Following NBC’s investigation surrounding Gabrielle Union’s America’s Got Talent “toxic” racism callout in 2019, the former talent competition judge still has plenty of shocking things to say about her experience. While the findings of AGT’s internal investigation concluded that there were no “insensitive or derogatory remarks” made on the basis of “race nor gender,” you might find that Gabrielle’s latest interview with Variety reveals otherwise.
Months after the 47-year-old actress was controversially fired from AGT alongside fellow judge, Julianne Hough, she sat for a tell-all interview to discuss her allegations of racism and sexism experienced during her time with AGT. From comments about her hair (newsflash: protective styles are professional styles), to the overwhelming “anti-blackness” on set, Gabrielle had more to say—this time, about her emotional journey after getting fired.
“I didn’t feel like myself,” she told Variety in an interview published May 27. “I’m shape-shifting to make myself more palatable. I’m contorting myself into something I don’t recognize. I had to look at myself and say, ‘Do you want to keep it easy? Or do you want to be you, and stand up?’ Because I’m not the only one being poisoned at work.”
The Being Mary Jane actress also weighed in on unexpected health hazards she was subjected to while at work—namely, Simon Cowell’s frequent smoking on set. “I couldn’t escape. I ended up staying sick for two months straight,” she explained.
“It impacted my voice, which affects my ability to do my job,” the actress said. It was the “very definition” of a toxic environment, one which left Gabrielle feeling “isolated,” and “singled out” at work. “I felt singled out as being difficult, when I’m asking for basic laws to be followed,” she added. “I want to come to work and be healthy and safe and listened to.”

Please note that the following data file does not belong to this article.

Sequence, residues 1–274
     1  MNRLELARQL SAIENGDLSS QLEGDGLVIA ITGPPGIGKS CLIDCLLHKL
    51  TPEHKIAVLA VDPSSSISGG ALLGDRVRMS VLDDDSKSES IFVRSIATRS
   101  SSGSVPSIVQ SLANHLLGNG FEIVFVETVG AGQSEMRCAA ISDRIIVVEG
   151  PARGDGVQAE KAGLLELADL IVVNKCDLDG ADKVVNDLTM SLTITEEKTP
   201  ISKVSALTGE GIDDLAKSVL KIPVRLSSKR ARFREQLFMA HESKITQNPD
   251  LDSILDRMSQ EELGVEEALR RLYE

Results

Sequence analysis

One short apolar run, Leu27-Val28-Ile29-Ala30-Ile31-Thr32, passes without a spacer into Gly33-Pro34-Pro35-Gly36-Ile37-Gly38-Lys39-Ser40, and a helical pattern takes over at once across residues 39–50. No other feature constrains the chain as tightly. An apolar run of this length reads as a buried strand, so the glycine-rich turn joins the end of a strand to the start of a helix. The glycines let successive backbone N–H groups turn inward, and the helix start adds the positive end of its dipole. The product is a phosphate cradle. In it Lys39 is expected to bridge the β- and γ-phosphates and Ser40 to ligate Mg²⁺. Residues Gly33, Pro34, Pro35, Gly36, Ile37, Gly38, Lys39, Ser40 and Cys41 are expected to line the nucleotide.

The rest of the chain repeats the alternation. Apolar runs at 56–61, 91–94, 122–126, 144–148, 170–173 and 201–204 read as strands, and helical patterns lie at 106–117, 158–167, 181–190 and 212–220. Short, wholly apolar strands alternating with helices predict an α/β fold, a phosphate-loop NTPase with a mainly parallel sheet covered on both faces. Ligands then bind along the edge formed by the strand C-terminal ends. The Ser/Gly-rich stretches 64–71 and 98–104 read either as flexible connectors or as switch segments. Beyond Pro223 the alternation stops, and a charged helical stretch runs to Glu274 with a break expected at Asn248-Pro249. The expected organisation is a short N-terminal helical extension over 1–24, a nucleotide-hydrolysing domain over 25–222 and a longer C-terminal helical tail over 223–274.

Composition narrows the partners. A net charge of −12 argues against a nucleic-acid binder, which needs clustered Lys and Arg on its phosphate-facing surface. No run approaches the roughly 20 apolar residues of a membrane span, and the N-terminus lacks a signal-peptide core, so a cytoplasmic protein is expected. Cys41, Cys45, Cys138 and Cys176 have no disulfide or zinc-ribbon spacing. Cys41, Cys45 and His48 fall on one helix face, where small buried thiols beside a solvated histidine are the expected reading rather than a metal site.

Variety‘s report also details NBC’s findings from their investigation into Gabrielle’s firing and allegations of racism. The company reportedly “immediately engaged an outside investigator,” but did not corroborate her experience. “Through the investigation process, it has been revealed the no one associated with the show made any insensitive or derogatory remarks about Ms. Union’s appearance, and that neither race nor gender was a contributing factor in the advancement or elimination of contestants at any time,” read a statement issued by NBC, Fremantle and Syco to Us Weekly. “We continue to remain committed to having an inclusive environment for everyone associated with the show, and to upholding AGT as one of the most diverse programs on television.”
But as Gabrielle said so herself: the goal is “real change.” Until that happens, we’ll take this with a grain of salt.